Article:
Byzantine weapon set part1
Byzantine weapon set part1
Byzantine weapon set part2
Byzantine weapon set part2


The Byzantine army carried a range of weapons too; their standard weapons and battle equipment were swords, spears, shields, war-axes, daggers, clubs or maces, bow and arrows, crossbows, and javelins. Shown above in my sketches are different types of basic Byzantine weapons. There were two basic types of swords most military units used called Paramerion, a thin-long curved sword and a Spathion, a long wide straight blade; the paramerion was a later version of a Byzantine bale inspired by eastern Scimitar swords while the spathion was a classic Byzantine swords inspire by the Roman longsword, Spatha, whig was however very heavy. For shields, the Byzantines used many different types, mostly inspired by Roman round and square shields with the same Roman colours red or blue however the Byzantines coloured their shields differently with red, green purple, black, or white having new Byzantine symbols this time such as the (PX) symbol, the Byzantine war flag symbol, or simply 2 coloured stripes; a common type of Byzantine shield mostly used by the cataphracts and light infantry was the skouton, or the long oval kite-shaped shield made with wood and iron. Other basic weapons included a spear, called Kontarion, which was 2-3m long, the main weapon for he cataphract cavalry use for thrusting when doing shock charge. The rest of Byzantine weapons included a shot war-axe as a secondary melee weapon and a mace or club together with a dagger. war-axes, maces, and daggers were used by most soldiers such as archers, cataphracts, and light infantry as a secondary weapon for the sword if the sword may be too heavy or too slow to pull out, it would be quicker to defend themselves with a shorter and denser weapon. Also shown above here are other weapons such as bows used by archers when firing at a long range and by cataphracts as one of their weapons; the Byzantines too used crossbows as an alternative for bows when at a short range, in the later period of the empire they began to use gunpowder weapons including rifles. Other battle equipment shown here is the Byzantine war standard with the (PX) symbol replacing the Roman (SPQR) and having the classic Byzantine yellow 2-headed eagle.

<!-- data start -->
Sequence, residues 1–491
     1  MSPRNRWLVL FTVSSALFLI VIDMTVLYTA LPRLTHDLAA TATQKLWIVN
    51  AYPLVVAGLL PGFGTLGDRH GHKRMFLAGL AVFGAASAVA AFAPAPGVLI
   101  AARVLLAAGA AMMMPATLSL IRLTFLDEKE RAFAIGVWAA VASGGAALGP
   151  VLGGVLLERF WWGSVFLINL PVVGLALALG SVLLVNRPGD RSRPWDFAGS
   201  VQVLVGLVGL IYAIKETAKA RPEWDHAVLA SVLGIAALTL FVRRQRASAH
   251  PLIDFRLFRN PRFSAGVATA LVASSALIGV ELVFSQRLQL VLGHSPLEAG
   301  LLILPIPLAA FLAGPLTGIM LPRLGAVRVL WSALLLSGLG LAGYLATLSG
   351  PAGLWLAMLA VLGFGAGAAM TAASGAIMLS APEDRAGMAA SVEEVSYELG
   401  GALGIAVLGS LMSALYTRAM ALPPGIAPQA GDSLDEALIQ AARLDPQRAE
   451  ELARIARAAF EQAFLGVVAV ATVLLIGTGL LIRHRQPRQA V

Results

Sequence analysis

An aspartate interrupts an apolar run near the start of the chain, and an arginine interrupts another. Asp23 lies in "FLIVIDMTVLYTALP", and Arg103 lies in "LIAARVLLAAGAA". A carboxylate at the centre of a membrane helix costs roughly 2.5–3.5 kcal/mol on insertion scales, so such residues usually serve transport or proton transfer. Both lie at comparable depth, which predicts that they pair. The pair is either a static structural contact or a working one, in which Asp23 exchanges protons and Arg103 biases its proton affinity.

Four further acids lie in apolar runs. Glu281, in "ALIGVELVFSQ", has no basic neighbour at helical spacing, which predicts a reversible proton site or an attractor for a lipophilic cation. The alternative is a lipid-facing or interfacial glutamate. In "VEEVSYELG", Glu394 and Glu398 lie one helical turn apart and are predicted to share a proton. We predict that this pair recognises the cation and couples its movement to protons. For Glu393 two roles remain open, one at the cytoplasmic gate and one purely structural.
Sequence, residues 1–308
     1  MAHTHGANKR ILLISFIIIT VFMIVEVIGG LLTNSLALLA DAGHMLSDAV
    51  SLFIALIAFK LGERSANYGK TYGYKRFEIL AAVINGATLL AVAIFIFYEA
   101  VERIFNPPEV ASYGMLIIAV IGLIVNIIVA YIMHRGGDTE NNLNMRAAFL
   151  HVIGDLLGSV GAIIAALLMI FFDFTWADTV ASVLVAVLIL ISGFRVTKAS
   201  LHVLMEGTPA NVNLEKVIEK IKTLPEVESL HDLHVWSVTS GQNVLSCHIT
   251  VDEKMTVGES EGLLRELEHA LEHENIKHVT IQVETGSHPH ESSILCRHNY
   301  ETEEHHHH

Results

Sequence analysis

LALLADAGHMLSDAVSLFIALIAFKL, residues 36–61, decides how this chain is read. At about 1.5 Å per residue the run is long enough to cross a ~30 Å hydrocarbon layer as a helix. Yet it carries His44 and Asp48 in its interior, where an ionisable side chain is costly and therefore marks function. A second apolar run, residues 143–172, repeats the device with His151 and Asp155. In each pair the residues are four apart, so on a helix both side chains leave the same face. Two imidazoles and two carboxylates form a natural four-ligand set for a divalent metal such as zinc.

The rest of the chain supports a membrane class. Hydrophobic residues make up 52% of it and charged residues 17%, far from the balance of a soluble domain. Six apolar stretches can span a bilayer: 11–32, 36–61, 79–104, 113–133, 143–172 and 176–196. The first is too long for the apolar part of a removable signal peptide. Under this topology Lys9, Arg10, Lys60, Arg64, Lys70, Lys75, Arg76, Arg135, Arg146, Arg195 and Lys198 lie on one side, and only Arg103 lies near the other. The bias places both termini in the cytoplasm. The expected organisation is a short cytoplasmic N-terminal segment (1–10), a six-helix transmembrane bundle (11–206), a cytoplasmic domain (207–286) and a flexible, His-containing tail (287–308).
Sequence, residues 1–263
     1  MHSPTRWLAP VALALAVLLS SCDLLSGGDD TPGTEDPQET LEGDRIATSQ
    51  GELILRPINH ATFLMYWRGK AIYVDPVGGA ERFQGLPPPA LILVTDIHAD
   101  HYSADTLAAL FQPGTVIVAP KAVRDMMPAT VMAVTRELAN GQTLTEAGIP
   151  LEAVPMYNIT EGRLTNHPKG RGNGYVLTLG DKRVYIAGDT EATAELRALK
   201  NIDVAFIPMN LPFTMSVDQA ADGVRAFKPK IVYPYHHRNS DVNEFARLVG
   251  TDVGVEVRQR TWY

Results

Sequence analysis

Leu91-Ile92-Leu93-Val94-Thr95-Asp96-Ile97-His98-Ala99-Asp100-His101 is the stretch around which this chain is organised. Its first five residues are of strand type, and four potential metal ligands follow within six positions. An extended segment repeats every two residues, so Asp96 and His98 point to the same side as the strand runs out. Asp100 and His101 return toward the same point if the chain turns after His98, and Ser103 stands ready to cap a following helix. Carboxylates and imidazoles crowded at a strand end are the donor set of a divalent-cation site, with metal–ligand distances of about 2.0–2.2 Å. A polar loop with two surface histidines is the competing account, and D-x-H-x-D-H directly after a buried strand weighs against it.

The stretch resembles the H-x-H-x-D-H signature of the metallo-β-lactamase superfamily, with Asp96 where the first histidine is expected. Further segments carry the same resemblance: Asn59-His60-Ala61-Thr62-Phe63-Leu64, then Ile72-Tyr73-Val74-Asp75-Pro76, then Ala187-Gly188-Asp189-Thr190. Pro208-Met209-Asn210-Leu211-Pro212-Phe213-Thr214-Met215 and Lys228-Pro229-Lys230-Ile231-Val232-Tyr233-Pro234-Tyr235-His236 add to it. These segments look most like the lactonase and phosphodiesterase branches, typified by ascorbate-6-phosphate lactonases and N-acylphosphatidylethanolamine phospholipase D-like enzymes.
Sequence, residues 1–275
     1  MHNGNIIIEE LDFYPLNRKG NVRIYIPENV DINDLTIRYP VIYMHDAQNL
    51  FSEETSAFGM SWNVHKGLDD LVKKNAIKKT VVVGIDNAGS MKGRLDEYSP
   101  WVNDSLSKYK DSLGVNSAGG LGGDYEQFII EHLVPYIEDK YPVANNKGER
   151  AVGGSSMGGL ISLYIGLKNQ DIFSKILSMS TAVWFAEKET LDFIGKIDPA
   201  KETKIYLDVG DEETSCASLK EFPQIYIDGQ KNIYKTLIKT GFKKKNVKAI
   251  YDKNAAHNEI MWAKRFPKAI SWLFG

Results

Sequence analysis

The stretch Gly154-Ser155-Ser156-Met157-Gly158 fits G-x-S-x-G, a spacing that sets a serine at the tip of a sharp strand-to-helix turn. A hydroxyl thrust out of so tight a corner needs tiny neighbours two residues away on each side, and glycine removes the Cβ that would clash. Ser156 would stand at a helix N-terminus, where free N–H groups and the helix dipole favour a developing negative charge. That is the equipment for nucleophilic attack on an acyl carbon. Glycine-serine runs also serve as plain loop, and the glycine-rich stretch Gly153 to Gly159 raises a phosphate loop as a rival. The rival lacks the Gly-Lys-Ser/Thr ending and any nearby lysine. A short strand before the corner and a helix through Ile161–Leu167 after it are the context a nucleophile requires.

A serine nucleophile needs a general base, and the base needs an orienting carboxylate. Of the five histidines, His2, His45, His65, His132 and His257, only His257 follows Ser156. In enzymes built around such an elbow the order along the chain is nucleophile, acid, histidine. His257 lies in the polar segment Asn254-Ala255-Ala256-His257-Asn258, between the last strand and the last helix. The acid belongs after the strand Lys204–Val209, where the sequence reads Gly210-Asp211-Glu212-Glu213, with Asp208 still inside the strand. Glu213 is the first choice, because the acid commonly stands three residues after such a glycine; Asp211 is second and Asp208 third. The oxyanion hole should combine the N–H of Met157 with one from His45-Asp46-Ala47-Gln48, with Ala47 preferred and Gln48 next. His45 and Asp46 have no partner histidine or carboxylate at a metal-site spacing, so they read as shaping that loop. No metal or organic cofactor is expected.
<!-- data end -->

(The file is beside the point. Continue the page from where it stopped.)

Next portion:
types of Byzantine shields
Types of Byzantine shields
sample Byzantine spatha
Sample Byzantine Spatha
sample full lamellar armour
Sample full lamellar armour
full Byzantine Varangian armour
Full Byzantine Varangian armour

In terms of armour, the lamellar plated armour was what was unique to Byzantium in the Middle-Ages as most of Medieval western European armies did not use this advance type of armour with decorations on them. The Byzantines used many different layers of armour, some were worn at the same time, though different units wore different types. The elite forces such as the Cataphracts and Varangians had 3 sets of armour including the Kavadion or tunic under the cuirass, Lorikion or chain-mail, and the paced lamellar vest called Klivanion, here the types of armour shown in the previous sketches are mentioned. In addition, some Byzantine soldiers wore the lamellar vest together right the chain-mail but some just wore either one of them. However there were more armour sets but used optionally such as the Epilorikon worn over the armoured vest or over a leather vest if the soldier did not use armour, and also the Kremasmata which was the leather strips used to protect the soldier’s legs and arms which were not really covered by armour, most soldiers usually used these leather strips. Another part of the armour required by all soldiers was the bracers and greaves to protect the arms an legs, either made of leather or metal. Of course the Byzantines had different colours over and under the armour, though this was not important in battle, just to show their empire’s colours. To make it short, Byzantine amor is an improved and more covering version of Roman armour, either heavy or light and is sort of a cross-over between Medieval European armour and Japanese Samurai or Asian armours but it it is its own.

sample Byzantine armour style with basic weapons
Sample Byzantine armour style with basic weapons



To simply describe, Byzantium’s warfare is its own but inspired by different warfares of different cultures from other empires before and during their time. Part of Byzantine battle strategies including armour and types of weapons were inspired by Roman warfare from the Roman empire before it. Part of Byzantine warfare such as cataphract cavalry and archers were inspired by the warfare of eastern empires such as the Sassanid Persians, and some parts such as the Varangians were inspired by the northern people. As it is inspired by different cultures, this is what makes the warfare of Byzantium interesting, but in fact it made it its own. This is all for now, it may have been long but surely interesting, anyway up next, more on Byzantine warfare… watch out for more!

Published by The Byzantium Blogger

Powee Celdran, currently majors in Entrepreneurial Management, a Byzantine scholar and enthusiast, historical military sketch and bathroom mural artist, aspiring historical art restorer, Lego filmmaker creating Byzantine era films and videos, and a possible Renaissance man living in modern times but Byzantine at heart. Currently manages the Instagram account byzantine_time_traveller posting Byzantine history related content.